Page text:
Pharmacogenomics of Warfarin: Clinical Implications

Deepak Voora, MD


June 13, 2011


There is currently a wealth of data surrounding genetic polymorphisms in 2 genes, CYP2C9 and VKORC1, and how these specific polymorphisms affect variation in warfarin dose requirements, international normalized ratio (INR) control during warfarin initiation, and, for certain variants, bleeding outcomes in patients treated with warfarin.[1] The strength of this evidence prompted the US Food and Drug Administration (FDA) to update the drug label for warfarin in 2007 and then again in January 2010 with recommendations for initiation dose modifications in carriers of the specific CYP2C9 and VKORC1 variants.

However, despite the strong and consistent association data surrounding these variants and a variety of warfarin-related outcomes, there is a paucity of data demonstrating their benefit in clinical practice. The few studies performed to date were either underpowered or lacked adequate control populations and demonstrated inconsistent results.[2,3] Although larger, appropriately powered, randomized controlled trials are expected to deliver results within the coming years, these trials might not answer all relevant questions, such as how to incorporate novel anticoagulants, how to measure the cost-effectiveness of testing, and how to evaluate the effect of genetic variants on hard clinical endpoints such as bleeding and thrombosis.

What is the practicing clinician to do in the face of convincing pharmacogenetic association data but few clinical data?

As of now, there are no clear guidelines to direct clinical practice on the use of genetic testing to inform warfarin therapy administration. Those that do exist recommend against routine testing, as no prospective clinical trial has yet demonstrated any clinical benefit.[4] Until such data are available, these recommendations are unlikely to change.

Dabigatran, an oral direct thrombin inhibitor that has proven superior to warfarin in lowering the risk for stroke, systemic embolism, and/or hemorrhage,[5] does not seem to have the same pharmacogenetic considerations as warfarin, and thus its use bypasses the need for pharmacogenetic testing. However, dabigatran comes with a significant cost disadvantage and is renally cleared, so warfarin might still be preferred in certain patients. Therefore, there remains a need for guidance on how to use genetic testing to inform warfarin therapy in selected individuals.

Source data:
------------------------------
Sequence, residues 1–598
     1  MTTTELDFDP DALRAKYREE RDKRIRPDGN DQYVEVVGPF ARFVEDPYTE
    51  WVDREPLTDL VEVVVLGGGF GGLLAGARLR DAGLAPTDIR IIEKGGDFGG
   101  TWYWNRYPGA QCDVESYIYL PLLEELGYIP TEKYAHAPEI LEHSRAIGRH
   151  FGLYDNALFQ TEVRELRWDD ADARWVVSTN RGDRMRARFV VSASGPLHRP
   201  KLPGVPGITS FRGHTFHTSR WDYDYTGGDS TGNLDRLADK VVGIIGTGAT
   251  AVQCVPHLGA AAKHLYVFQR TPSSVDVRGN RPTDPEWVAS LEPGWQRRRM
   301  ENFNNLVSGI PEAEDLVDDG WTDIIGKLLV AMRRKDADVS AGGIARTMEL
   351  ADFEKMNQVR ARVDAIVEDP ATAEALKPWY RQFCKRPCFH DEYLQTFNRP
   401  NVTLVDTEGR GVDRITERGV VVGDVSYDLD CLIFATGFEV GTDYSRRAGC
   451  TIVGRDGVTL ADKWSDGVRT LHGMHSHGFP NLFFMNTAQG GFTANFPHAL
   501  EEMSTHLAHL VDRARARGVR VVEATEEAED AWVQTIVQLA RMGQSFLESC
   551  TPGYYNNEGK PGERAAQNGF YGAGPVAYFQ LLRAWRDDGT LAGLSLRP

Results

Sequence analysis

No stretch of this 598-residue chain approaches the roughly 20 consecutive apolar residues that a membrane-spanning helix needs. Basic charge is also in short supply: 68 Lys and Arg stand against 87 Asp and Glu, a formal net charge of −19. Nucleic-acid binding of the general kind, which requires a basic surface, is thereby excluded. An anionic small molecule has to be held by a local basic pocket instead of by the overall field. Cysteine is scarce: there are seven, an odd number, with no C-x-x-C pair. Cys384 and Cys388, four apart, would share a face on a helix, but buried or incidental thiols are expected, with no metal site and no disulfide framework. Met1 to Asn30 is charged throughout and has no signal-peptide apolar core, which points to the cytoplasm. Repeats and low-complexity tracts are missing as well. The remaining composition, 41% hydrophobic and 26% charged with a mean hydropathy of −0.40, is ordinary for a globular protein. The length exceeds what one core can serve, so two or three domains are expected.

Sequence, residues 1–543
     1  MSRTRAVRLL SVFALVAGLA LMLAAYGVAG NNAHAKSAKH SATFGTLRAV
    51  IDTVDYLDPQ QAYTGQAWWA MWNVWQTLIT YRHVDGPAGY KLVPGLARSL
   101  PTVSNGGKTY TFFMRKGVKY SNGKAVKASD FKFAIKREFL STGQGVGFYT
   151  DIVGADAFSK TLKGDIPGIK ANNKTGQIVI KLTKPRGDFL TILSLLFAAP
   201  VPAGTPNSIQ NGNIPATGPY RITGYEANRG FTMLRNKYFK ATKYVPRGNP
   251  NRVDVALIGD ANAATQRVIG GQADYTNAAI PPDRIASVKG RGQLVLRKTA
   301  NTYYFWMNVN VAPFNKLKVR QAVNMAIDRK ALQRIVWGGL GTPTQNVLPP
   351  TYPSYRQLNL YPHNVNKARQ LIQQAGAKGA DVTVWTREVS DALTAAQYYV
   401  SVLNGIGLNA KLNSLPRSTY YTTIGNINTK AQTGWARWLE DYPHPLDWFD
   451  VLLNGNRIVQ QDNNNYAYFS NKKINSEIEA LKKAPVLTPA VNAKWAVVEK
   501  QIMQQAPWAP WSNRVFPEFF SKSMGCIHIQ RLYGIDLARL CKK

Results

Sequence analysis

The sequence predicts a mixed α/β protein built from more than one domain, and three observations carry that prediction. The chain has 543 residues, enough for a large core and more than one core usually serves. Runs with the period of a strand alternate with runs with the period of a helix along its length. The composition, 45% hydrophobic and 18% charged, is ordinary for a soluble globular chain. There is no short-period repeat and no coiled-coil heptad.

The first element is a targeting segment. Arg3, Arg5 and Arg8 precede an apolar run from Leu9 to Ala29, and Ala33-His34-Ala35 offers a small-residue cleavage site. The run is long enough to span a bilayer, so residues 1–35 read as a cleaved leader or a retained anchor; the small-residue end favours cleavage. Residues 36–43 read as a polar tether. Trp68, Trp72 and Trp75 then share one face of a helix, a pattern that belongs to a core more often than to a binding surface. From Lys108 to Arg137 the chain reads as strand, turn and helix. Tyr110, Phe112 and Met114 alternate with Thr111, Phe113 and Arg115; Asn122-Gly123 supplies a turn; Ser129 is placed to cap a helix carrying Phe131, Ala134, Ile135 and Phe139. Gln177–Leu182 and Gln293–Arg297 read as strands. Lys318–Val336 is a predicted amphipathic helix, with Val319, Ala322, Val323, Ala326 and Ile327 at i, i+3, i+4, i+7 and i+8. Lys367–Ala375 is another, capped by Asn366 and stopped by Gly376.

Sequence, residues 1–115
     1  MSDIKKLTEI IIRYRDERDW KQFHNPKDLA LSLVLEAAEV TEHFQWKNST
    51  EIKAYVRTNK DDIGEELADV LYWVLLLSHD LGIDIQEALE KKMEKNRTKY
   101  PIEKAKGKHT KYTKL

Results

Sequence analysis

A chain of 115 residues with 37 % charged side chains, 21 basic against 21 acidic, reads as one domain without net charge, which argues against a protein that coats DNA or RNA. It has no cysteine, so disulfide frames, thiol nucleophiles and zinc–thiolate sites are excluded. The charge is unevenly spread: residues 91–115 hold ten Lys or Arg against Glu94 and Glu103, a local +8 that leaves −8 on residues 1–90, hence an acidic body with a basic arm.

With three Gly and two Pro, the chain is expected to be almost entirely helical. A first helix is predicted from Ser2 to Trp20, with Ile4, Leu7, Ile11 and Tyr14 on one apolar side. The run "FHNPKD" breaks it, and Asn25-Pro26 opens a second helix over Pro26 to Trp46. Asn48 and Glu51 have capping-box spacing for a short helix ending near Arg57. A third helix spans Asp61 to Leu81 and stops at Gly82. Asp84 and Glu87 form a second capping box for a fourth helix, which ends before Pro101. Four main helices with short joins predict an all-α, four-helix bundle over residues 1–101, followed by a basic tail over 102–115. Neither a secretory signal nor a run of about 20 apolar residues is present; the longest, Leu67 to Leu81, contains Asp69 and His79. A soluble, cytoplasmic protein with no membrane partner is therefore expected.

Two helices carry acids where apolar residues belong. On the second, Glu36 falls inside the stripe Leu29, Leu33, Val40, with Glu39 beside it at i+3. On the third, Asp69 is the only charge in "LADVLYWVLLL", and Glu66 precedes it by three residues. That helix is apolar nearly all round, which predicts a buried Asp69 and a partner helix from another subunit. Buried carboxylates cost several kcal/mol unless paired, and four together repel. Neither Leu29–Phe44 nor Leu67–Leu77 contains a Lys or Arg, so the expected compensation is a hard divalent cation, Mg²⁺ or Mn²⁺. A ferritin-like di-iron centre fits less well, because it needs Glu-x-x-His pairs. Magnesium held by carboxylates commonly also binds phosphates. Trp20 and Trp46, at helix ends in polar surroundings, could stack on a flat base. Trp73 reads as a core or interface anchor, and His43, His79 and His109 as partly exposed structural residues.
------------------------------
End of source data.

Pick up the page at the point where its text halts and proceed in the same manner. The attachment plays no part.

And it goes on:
When to Consider Genetic Testing

Adding genetic information might inform warfarin therapy in a number of scenarios. First, clinicians routinely assess an individual patient's bleeding risk prior to initiation of warfarin therapy. By taking into account age, functional status, concomitant medications, and comorbid conditions, clinicians weigh the risk-benefit ratio of warfarin therapy and choose either warfarin or alternative therapy. One additional factor to consider in this process is the presence (or absence) of genetic variants that may complicate warfarin therapy. Using a patient's CYP2C9 or VKORC1 genotypes as additional risk factors for bleeding could determine whether to initiate warfarin therapy or to choose an alternative such as dabigatran.

Another common clinical scenario is in patients who require "triple therapy" with aspirin, clopidogrel, and warfarin, such as patients with coronary artery disease, percutaneous coronary intervention, and new-onset atrial fibrillation. If a clinician chooses to add warfarin therapy, genetic testing might help to better predict dose requirements and prevent bleeding complications. Most commercial labs offer genetic testing of the major variants affecting warfarin metabolism, and online dosing calculators (such as can aid in the interpretation of test results.

Finally, a third common scenario concerns a patient taking warfarin who has developed bleeding complications or is at risk of developing complications because of out-of-range INR values. Genetic testing in this scenario could be helpful in identifying individuals at risk for continued difficulty with warfarin therapy and may be used to identify patients who might benefit from alternative anticoagulants, such as dabigatran.

We currently exist in an "evidentiary gap" where there are solid and consistent association data for genetic variants and warfarin-related outcomes, but there is little evidence to guide the clinician on how to use these novel biomarkers. Until such data are available, routine use of genetic testing is not recommended. Nevertheless, the scenarios described above are some examples of when genetic testing may be beneficial in selected individuals.


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